It has been speculated that the partial pressure of carbon dioxide (pCO2) in shelf waters may lag the rise in atmospheric CO2. Here, we show that this is the case across many shelf regions, implying a tendency for enhanced shelf uptake of atmospheric CO2. This result is based on analysis of long-term trends in the air–sea pCO2 gradient (ΔpCO2) using a global surface ocean pCO2 database spanning a period of up to 35 years. Using wintertime data only, we find that ΔpCO2increased in 653 of the 825 0.5° cells for which a trend could be calculated, with 325 of these cells showing a significant increase in excess of +0.5 μatm yr−1 (p < 0.05). Although noisier, the deseasonalized annual data suggest similar results. If this were a global trend, it would support the idea that shelves might have switched from a source to a sink of CO2 during the last century.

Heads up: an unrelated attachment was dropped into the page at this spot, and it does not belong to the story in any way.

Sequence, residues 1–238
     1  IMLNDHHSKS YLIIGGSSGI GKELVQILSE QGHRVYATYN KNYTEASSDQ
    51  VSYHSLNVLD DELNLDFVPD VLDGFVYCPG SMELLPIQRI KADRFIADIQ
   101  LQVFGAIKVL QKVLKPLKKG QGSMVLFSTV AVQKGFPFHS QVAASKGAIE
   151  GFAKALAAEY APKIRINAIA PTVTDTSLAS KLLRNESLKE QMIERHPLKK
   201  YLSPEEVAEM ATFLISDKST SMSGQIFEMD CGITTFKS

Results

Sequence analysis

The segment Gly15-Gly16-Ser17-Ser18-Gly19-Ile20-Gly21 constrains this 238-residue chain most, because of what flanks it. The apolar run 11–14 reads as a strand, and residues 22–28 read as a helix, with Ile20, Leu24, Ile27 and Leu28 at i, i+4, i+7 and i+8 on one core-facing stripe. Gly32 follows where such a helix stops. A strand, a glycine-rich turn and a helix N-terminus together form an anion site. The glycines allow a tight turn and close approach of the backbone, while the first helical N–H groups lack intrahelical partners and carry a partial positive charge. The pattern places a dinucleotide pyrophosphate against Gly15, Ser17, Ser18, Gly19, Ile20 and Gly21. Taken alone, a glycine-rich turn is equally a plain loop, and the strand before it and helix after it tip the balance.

Continental shelves as a variable but increasing global sink for atmospheric carbon dioxide